- Founder of the Small Planet Institute and author Anna Lappe tackles the myth of parent choice and the impacts food advertising has on your children with her new short film, “The Myth of Choice: How Food Marketers Target Our Kids”. (Forbes)

- Israeli-American photographer Elinor Carucci is featured in Time Magazine for her third monograph, Mother, which focuses on intimate photos of her twin babies from birth to 8 years old. (Time)

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Sep 23 2013

News Roundup: Louis C.K. Doesn’t Think Your Kids Should Have Smart Phones

By at 4:00 pm

All the parenting news you probably didn’t have time to read this week.

- Louis C.K. is amazing. In this viral clip chatting with Conan O’Brien, the comedian makes a great case for why he thinks it’s toxic for your kids to get smart phones just because all the other kids have them. (Slate)

- This NY Times piece explores whether your child’s academic performance is correlated with his or her emotional intelligence, and if in fact, emotional intelligence can be taught. (NY Times)

- A mother discusses how “mommy wars” in lower-income brackets are about actual survival, not about competing with each other for praise or status. (Salon)

- While some of us in our skinny obsessed culture may take being called “String Bean” as a compliment, it can be a truly detrimental compliment for your children. (NY Times)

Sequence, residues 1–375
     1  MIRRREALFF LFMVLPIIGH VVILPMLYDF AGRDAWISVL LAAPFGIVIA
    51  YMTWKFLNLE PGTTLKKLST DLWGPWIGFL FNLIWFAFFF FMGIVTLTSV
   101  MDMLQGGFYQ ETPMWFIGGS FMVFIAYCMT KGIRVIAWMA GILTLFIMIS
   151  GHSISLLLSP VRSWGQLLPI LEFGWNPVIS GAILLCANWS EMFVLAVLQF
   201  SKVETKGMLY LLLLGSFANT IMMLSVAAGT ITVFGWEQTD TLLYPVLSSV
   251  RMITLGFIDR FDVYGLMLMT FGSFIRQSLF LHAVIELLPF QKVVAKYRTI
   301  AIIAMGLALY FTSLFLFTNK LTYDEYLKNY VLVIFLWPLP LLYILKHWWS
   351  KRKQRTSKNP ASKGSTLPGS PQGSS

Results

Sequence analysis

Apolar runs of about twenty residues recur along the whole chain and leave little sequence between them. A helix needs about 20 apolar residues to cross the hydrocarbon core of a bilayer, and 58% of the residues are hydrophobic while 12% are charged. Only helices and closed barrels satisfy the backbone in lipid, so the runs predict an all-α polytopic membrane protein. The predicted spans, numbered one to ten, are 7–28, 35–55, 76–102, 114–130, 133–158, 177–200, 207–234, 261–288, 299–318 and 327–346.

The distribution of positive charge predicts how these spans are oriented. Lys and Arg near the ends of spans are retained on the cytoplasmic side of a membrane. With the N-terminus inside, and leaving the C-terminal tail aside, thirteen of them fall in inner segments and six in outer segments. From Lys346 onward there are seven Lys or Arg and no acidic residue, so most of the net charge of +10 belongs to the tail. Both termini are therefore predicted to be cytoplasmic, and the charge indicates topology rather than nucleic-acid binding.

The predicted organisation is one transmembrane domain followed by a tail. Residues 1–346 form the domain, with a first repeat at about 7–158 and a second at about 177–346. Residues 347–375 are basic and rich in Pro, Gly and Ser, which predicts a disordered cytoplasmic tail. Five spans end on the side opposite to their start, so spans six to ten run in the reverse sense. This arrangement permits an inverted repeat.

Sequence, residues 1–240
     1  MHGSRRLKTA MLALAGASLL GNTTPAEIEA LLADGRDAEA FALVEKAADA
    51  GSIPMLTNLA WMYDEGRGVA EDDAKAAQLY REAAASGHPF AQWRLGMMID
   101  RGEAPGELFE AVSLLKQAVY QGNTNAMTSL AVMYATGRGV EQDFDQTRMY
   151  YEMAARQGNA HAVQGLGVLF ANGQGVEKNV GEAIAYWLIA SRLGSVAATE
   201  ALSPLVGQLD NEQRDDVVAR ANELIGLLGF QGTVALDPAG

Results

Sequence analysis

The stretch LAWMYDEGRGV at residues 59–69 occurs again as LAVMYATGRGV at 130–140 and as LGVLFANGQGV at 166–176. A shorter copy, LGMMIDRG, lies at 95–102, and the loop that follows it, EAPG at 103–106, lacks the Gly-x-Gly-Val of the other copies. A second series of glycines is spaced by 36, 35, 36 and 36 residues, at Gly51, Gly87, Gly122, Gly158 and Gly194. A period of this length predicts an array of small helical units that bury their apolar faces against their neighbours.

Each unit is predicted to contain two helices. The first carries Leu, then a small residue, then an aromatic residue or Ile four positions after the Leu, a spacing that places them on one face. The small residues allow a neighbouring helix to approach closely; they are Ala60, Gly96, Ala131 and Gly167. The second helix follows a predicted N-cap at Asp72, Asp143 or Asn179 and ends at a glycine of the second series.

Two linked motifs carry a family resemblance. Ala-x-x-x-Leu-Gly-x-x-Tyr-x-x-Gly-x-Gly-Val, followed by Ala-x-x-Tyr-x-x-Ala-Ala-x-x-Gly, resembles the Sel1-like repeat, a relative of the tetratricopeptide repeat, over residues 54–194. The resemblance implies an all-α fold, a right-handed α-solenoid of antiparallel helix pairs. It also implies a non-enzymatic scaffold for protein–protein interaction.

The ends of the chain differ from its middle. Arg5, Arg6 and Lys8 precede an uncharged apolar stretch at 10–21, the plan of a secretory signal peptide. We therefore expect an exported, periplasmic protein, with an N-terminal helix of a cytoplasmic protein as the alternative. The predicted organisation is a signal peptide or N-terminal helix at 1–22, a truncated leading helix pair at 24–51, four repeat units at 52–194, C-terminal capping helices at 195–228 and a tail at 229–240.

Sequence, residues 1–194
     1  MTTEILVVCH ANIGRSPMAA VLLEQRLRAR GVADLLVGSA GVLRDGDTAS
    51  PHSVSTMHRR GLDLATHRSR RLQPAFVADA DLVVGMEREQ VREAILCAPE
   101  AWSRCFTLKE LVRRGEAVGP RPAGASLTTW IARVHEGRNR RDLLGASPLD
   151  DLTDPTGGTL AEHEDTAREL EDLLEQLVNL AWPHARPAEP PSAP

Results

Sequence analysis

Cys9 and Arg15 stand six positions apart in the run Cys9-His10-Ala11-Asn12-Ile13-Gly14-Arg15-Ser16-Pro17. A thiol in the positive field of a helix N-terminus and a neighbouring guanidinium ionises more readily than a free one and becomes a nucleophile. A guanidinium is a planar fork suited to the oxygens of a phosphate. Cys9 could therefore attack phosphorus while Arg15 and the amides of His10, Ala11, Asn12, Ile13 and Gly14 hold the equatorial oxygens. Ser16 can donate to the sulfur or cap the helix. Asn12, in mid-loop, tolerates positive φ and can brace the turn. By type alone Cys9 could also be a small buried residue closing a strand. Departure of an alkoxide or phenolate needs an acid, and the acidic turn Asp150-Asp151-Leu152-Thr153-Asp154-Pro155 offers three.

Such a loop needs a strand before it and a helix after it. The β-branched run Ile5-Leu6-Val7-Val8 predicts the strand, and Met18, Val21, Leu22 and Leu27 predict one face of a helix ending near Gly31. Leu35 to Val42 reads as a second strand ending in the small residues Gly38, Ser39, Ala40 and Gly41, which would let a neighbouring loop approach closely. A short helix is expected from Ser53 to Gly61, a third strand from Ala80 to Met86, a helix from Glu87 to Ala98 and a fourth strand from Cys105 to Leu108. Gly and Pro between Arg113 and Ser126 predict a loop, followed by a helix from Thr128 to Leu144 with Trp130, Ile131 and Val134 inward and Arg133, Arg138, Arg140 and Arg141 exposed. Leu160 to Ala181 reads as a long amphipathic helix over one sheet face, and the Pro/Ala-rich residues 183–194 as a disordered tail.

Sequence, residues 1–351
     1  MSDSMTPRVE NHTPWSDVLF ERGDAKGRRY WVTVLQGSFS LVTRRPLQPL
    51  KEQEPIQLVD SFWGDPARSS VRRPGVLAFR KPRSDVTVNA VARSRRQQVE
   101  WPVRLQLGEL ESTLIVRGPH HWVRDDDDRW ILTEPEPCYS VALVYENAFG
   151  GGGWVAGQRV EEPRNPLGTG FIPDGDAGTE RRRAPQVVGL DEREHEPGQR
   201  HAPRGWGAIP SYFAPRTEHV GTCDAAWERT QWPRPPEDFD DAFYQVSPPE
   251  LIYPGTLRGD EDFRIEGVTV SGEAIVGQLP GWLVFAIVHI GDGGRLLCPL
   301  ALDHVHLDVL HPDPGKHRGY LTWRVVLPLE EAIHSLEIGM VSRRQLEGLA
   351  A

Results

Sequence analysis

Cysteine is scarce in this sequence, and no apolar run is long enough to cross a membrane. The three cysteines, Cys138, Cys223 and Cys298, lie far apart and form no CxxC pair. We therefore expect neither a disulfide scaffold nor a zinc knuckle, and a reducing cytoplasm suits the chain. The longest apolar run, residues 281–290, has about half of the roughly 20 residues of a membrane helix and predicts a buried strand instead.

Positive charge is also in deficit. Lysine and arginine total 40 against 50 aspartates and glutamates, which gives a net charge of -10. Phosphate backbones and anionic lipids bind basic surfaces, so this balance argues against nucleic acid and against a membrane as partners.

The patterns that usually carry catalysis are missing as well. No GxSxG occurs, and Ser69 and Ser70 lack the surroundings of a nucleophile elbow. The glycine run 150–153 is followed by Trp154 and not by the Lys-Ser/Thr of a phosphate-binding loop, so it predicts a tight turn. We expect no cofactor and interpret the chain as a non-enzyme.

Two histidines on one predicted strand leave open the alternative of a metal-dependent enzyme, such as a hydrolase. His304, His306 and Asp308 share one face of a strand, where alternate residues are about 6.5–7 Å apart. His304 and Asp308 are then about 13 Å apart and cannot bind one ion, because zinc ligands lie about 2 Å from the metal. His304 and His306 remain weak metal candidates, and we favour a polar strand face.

- Names are loaded with meaning, and it’s not unusual to freak over a name for your incoming baby. One expectant mother shares her struggle with choosing a name that wont be accompanied by any disadvantages. (Motherlode-NY Times)

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Sep 16 2013

News Roundup: From the Suburbs to a Shack in South Africa

By at 3:37 pm

              All the parenting news you probably didn’t have time to read this week.

MALAWAI

- As an experiment in “radical empathy,” Julian and Ena Hewitt, an upper-class couple in South Africa, traded their lifestyle in a gated community for a month to live in a shack in the township of Mamelodi with their children on $10 a day. Mr. Hewitt also blogged about his experience. How quaint. (NYT)

- Caroline and Randy Gold’s daughter has a rare genetic disease that is more common among Ashkenazi Jews, called Mucolipidosis Type IV, also known as ML4. Their staunch support for standardized screening of Jewish genetic diseases inspired the creation of JScreen, a Web-based national screening program for the 19 most common Jewish genetic diseases, including ML4. (You can read our interview with the couple here). (CNN)

- Is it a blessing or a curse to be born on 9/11? Lev Grossman’s son was born on 9/11, and when the nurse came in to check the paper work, she mentioned they could mark his birth date as 9/12, if the family so desired. (Time)

- When Hannah Latham was pregnant, she felt as if she and her partner Rowena were the only people in the world in their situation. To aid other LGBT parents on their parenting journey, Hannah started her own magazine, We Are Family, for families who have one or more lesbian, gay, bisexual or transgender member. (The Guardian)